Nekobukero can be found in the Tokyu Hands department store in Ikebukero. (Ikebukero Station) Everyone knows where Tokyu Hands is so ask at the station. Once you get to Tokyu Hands Nekobukero is on the top floor, you enter through the pet department.
Kimi ryokan is a 4-storey, old-style Japanese inn, complete with well-lit darkwood hallways, small tatami mat rooms, and a friendly bearded owner, who is constantly polishing the wooden floors, all in the heart of Tokyo! The rooms may be functional (small), but they are very clean. The shower stalls may be communal, but they appear to be made of marble, whilst the deep wooden Japanese bath on the 1st floor is a must for soothing tired limbs in the evening. Don't forget to take your sake in with you! In 2003, singles cost 4,000yen, doubles 7,000-8,000. Definitely book in advance. They speak English.
Kimi ryokan is in Ikebukuro, 5 mins from the underground stn. Tel. 03 3971 3766.
One of the highest buildings in the skyscraper district of Shinjuku, where you can see views of Tokyo and the area around it, including Mount Fuji (only on clear days in late winter/early spring). The plus point is that this is one of the only things you can do in Tokyo for free. The viewing area opens about 10am and closes about 10pm.
The nearest train station is Tocho mae.
Gues-T House is a backpackers hostel in Azubujuban, SW Tokyo. I recommend it because it gives excellent value for money, and is in a fantastic location for seeing Tokyo.
One night - Y2,900 (c.£15)
Azubujuban Station - exit 4. Head up the road to the left of 'Wendy's' to a cross road (c. 200m). Turn left, and go down the road 'til you get to a park on your left. Look for a coffee bean shop, take a right and the hostel will be on your right, the same side as the coffee bean shop.
Perfect al fresco budget seafood. Try the fried squid, the black cuttlefish risotto or 'little fish' on one of Dubrovnik's best squares. The only trick is beating the cut-throat scramble for tables. An orderly queue is a northern European concept.
Gundulićeva poljana 8, next to the cathedral;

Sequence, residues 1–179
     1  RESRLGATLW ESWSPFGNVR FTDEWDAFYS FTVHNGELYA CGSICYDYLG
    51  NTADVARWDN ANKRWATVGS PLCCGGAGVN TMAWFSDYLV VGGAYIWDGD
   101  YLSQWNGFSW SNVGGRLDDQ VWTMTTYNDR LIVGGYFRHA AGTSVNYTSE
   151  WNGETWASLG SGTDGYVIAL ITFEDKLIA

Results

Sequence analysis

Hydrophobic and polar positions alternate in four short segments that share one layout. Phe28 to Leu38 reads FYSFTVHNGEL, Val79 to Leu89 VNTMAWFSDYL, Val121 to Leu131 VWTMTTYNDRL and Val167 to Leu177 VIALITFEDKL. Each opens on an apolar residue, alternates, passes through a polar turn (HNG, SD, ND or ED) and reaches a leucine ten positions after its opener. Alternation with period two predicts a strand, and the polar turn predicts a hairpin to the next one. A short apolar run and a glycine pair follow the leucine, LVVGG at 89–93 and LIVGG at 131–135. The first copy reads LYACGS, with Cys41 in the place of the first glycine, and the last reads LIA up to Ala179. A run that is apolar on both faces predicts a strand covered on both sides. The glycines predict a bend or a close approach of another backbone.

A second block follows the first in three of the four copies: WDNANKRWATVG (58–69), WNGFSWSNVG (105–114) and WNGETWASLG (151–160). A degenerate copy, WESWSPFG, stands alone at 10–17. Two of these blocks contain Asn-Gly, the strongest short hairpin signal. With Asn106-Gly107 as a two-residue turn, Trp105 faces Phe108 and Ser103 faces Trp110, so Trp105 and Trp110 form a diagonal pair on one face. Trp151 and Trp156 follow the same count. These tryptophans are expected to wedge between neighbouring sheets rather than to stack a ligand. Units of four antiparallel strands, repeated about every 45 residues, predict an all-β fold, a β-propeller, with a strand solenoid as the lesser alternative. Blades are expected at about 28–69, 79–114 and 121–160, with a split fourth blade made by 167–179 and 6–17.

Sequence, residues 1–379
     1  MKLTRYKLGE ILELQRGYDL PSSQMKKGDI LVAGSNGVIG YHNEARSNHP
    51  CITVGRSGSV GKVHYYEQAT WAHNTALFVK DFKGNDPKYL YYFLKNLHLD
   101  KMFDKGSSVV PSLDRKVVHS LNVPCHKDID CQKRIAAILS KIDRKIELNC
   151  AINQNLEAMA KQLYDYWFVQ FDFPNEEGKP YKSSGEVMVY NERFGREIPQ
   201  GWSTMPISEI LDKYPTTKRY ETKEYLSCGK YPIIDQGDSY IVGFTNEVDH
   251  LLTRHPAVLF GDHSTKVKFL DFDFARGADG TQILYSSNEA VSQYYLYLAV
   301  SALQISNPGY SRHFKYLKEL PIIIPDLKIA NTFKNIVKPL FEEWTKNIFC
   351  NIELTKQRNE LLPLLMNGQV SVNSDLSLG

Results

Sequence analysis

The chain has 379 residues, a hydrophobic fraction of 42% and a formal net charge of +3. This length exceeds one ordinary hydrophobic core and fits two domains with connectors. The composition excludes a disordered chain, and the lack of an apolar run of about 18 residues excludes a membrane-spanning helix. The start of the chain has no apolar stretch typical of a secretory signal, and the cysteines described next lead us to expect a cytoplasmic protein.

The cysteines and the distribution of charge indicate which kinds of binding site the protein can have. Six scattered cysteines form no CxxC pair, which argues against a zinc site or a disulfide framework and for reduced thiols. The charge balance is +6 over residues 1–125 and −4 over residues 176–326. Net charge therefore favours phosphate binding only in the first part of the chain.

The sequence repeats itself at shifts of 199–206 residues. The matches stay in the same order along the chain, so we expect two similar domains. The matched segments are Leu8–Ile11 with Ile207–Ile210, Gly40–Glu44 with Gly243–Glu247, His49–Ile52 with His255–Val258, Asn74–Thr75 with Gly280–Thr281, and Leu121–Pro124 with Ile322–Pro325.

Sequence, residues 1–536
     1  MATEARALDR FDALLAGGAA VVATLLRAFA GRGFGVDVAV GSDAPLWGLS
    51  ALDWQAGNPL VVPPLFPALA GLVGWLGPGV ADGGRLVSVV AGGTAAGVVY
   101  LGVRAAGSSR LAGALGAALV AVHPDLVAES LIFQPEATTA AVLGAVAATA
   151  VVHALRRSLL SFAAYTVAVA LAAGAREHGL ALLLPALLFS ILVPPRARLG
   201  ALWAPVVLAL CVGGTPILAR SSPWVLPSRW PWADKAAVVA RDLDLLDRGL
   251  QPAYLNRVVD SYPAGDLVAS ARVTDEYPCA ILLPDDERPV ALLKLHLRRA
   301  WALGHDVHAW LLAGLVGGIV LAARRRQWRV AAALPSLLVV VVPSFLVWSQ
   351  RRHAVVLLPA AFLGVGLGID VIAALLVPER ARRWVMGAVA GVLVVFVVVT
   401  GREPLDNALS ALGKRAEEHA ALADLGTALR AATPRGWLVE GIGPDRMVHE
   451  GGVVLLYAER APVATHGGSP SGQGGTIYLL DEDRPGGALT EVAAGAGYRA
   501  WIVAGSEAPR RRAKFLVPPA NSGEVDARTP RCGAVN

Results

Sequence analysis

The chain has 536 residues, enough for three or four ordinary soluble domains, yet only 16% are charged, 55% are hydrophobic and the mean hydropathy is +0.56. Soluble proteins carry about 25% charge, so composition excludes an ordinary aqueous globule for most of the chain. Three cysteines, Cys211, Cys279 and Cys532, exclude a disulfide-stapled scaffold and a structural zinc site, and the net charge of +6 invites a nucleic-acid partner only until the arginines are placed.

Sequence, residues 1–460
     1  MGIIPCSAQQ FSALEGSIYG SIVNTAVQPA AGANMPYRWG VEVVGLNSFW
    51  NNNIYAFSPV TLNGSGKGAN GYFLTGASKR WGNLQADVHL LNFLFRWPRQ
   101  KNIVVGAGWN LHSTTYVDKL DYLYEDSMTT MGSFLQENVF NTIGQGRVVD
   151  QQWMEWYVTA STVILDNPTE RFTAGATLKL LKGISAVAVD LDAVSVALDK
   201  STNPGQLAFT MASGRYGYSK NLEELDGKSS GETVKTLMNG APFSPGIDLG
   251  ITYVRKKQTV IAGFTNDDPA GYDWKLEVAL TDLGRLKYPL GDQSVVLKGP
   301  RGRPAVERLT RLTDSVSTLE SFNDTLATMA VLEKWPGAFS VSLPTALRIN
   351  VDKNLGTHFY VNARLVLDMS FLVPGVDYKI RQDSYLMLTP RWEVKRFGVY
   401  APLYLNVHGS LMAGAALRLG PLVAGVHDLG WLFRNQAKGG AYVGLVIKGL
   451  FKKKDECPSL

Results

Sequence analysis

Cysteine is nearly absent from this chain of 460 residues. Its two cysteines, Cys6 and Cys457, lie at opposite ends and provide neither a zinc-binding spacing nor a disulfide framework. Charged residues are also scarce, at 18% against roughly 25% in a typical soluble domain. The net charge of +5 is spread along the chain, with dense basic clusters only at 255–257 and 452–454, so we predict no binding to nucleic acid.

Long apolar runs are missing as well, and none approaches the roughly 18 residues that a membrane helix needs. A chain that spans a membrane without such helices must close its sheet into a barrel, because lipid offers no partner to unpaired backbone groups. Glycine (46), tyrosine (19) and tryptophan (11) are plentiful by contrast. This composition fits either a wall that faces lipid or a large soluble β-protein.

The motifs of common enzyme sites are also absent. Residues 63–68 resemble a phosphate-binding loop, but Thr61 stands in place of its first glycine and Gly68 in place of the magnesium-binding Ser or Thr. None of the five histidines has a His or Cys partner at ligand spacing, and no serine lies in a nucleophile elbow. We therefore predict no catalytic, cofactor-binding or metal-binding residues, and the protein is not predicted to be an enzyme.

tel: (+385 20) 32 36 82
Clean, friendly, affordable hostel in the middle of St Petersburg. Breakfast included, internet available. Free tickets for the Puppet Theatre next door for guests. Around £13 per night in a shared dorm.
Just off Nevsky Prospekt
Small typical Viennese Beisl in the 9th district. Dunno if it's still on the menu but I used to say I'd choose an endless supply of owner Herbert's Krautsuppe (cabbage soup) as my desert island discs luxury item. Now very popular with the nearby Wirtschaftsuniversität staff as he does an all you can eat buffet. So try and go at the weekend. Classic Viennese cuisine at its best
Reznicekgasse 10, 1090 Vienna, tel.: 0043 1 317 91 40, take the D tram towards Nußdorf and get off at Althanstrasse or Augasse
There are some luggage lockers at Wien Mitte / City Airport Terminal but not as many as you'd think. They're near the McDonalds. Don't rely on being able to deposit your luggage as they might all be occupied.
Wien Mitte station
They are a really cool independent holiday company with three chalets in Chamonix. My friends and I have stayed with them for the last three years and have always had a wicked time!
They offer everything from lift passes and airport transfers to great meals and hot tubs for very reasonable prices.
Sausages filled with molten cheese. Best bought from one of the many Würschtlstände (sausage stands) dotted around the city. Ask for a Käsekrainer hotdog and they take a mini baguette, hollow out the centre, fill it with ketchup and mustard and stuff the cheese-filled sausage in. They're probably heart attacks waiting to happen, the dripping ketchup and mustard are guaranteed to make a mess of your shoes / clothes but they taste amazing, especially late at night
all over the city
It's fast, frequent, well-run, and cheap (about 20 pence for any journey when we were there in August 2005). However, I'd advise travellers to learn the Russian alphabet (at least) as it can be difficult to find your way around the system otherwise. You can't always see the station name from inside the train, and the (Russian) announcements are sometimes not audible. So it's useful to be able to follow the map. You can buy postcards that show the map - handy to carry around if you don't want to bring your guide book. There's a wealth of info on the internet - just type "Moscow Metro" into Google.
Bia Hoi is the ultimate Vietnamese drinking experience. It's basically a keg of beer outside someone's house or shop or whatever, and you go and help yourself to local "brew".
It costs around 1,500 dong a glass (about 7 pence) and you end up drinking with all sorts of colourful locals.
Anywhere in Hanoi, or the rest of Vietnam.